Blueprint For A Better World

New Scientist Sets Out To Make The World a Better Place
New Scientist Sets Out To Make The World a Better Place

New Scientist‘s next three issues will follow up on what this week’s issue started: defining world problems and finding solutions. I have been continually impressed with New Scientist, from their articles on economic growth, endorsing the steady state economy, and their article about the nature of greed. I am one of the few Americans I have met that actually subscribes to this great weekly UK periodical, though I hope more will follow my lead.

Their ambitious premise on this four-part serious entitled “Blueprint For A Better World” is to “explore diverse ideas for making the world a better place, and the evidence backing them.” [emphasis added] It is one thing to talk the talk, but now it’s time for decisive action. We can no longer wait around for the change to self-manifest, we have to deliver it ourselves.

“Too many people live short lives plagued by disease and poverty. Political decisions are too often taken without any evidence that they will work. Governments are too focused on material wealth as an indicator of well-being, and technologies that could improve lives are too often sidelined for irrational reasons. As the global population soars, we are starting to bump up against constraints on key resources, such as oil, water and phosphorus. And if all that isn’t bad enough, the developed world has already emitted such vast quantities of greenhouses gases that climate change is already becoming significant. We face a perfect storm of problems.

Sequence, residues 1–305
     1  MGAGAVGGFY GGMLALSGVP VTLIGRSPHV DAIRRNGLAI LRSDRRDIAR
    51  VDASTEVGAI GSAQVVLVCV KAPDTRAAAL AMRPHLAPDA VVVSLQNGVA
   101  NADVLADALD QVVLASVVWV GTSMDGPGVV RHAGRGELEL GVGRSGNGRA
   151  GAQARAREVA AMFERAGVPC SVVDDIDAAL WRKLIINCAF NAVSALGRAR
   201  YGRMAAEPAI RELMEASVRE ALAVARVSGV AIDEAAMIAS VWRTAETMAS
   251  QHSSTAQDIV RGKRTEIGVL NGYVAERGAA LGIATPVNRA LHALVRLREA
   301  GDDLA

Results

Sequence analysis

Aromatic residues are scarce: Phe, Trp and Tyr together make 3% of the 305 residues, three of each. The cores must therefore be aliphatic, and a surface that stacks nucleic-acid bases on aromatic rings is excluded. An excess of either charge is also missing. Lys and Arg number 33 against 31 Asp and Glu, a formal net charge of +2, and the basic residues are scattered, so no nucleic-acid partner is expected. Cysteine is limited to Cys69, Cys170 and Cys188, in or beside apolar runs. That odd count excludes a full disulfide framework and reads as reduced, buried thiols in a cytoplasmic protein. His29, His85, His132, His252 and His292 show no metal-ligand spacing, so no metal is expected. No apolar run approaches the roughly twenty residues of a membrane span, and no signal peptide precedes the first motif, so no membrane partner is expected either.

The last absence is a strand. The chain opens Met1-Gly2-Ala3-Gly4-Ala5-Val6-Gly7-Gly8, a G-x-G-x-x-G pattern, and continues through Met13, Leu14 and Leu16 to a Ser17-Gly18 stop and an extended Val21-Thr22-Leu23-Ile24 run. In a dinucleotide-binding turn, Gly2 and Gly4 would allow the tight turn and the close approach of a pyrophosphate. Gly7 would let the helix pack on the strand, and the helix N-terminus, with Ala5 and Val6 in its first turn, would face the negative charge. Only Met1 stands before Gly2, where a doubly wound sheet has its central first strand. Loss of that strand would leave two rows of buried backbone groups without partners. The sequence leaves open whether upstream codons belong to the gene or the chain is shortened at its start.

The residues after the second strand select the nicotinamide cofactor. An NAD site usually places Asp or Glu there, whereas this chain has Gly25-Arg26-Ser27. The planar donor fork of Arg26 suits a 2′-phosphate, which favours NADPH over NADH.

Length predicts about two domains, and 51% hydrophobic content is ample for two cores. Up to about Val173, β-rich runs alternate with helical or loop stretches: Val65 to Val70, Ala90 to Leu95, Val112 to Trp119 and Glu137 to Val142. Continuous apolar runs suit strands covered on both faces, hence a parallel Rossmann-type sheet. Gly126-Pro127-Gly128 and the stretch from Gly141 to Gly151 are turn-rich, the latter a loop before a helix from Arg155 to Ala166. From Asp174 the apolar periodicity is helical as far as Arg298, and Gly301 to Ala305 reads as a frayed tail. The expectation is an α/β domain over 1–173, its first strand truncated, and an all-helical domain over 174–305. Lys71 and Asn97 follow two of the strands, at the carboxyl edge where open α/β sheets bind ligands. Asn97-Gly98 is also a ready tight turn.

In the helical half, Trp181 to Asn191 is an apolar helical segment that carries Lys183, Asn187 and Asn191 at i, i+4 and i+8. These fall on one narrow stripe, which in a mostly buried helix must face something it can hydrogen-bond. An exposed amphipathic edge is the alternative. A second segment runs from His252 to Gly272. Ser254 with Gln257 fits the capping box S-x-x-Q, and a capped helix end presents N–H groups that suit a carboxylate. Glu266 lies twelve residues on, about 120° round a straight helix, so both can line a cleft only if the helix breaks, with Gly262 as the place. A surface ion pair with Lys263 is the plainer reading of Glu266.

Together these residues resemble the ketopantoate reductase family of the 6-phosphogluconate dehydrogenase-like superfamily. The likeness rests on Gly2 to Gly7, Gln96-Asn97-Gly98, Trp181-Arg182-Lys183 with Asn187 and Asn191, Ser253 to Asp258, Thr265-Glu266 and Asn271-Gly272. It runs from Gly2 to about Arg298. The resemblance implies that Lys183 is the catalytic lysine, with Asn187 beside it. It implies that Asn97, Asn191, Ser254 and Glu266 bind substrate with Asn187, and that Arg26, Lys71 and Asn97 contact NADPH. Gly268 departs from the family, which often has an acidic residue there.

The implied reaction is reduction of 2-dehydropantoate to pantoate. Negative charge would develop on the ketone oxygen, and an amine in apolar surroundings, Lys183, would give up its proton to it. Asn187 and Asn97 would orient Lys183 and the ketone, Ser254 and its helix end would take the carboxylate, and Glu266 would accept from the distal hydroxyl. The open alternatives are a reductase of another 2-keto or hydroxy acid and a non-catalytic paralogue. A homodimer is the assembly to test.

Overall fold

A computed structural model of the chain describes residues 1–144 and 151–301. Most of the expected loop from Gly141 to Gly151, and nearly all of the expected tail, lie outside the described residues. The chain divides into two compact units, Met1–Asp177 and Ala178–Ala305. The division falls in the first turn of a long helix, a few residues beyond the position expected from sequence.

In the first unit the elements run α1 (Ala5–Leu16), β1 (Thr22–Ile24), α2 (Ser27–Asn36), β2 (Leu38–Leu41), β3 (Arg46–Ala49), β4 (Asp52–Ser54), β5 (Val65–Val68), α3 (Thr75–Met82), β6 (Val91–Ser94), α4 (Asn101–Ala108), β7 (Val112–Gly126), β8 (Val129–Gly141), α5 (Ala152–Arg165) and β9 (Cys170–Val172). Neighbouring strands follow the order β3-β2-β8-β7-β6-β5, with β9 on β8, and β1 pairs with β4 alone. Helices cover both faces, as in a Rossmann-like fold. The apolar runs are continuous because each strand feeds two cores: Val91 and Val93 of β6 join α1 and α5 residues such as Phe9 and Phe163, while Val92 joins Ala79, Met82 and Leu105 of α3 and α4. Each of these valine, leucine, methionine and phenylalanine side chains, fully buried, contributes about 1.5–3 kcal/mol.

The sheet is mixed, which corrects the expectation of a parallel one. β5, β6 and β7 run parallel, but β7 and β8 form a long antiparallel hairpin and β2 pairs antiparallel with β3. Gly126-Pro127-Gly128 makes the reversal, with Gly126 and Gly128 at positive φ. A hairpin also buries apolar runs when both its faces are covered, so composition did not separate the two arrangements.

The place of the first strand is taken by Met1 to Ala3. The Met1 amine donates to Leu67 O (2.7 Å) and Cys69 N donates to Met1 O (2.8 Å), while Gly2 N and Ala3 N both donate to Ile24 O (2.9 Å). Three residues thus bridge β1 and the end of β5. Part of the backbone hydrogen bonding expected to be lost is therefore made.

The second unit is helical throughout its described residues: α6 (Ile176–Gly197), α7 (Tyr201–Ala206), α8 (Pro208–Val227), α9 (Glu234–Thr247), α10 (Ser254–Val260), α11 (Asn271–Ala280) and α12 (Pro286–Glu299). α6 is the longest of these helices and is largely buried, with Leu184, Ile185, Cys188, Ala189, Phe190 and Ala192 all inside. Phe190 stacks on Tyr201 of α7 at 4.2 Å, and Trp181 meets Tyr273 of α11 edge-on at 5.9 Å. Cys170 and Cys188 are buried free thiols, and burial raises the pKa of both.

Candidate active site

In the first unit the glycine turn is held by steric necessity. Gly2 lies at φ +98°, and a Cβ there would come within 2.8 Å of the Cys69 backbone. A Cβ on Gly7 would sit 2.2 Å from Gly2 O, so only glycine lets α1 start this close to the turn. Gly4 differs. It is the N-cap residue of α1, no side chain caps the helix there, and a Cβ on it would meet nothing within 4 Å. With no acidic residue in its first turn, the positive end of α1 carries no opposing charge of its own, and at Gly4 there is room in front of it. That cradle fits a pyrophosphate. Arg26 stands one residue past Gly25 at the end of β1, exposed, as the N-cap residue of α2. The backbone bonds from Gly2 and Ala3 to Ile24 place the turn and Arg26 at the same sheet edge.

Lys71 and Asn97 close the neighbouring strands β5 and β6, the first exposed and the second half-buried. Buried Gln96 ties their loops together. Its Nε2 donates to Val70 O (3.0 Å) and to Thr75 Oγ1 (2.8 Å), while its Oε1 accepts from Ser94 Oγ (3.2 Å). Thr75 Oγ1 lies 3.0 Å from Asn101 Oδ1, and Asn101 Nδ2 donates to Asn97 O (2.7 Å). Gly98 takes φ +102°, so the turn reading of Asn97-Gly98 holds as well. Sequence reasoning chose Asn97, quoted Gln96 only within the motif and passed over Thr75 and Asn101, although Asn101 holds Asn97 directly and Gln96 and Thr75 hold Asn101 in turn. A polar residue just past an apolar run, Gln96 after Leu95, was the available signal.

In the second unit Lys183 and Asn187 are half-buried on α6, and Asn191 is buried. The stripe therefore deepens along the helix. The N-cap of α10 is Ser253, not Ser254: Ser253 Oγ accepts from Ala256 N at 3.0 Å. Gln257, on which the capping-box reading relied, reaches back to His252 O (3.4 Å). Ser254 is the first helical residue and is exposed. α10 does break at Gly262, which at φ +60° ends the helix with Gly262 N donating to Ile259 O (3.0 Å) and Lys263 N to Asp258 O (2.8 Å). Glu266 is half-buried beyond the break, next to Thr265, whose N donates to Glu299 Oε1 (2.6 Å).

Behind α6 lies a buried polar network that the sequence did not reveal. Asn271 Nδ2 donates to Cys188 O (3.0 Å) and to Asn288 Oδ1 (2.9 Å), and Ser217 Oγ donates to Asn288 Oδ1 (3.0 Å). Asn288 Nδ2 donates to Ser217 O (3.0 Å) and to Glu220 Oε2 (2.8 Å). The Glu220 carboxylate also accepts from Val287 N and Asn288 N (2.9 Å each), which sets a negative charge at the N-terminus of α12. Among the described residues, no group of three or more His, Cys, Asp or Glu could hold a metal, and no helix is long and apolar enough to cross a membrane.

So talk of making the world a better place is not starry-eyed idealism. It is about survival – the long-term survival of the civilization we have built and the lifestyles we have come to enjoy.

Can we do anything about it? You bet we can. Technology is a double-edged sword, but science and reason have made our lives immeasurable better overall – and only through science and reason can we hope to make a real difference in the future.

This series is bound to be full of great things, the one I am happy to see mentioned on the first page of the cover story is, “In part 3 we’ll explore what many see as the fundamental problem: overpopulation.” Hooray for sense in media!

This cover story hits on some other great topics, like redefining GDP, taxing pollution and giving the money back to the people, shortening the work week, protecting the oceans, and encouraging cheap, distributed renewable energy generation. I can’t wait to get next week’s issue! I encourage you to pick up a copy or subscribe today!

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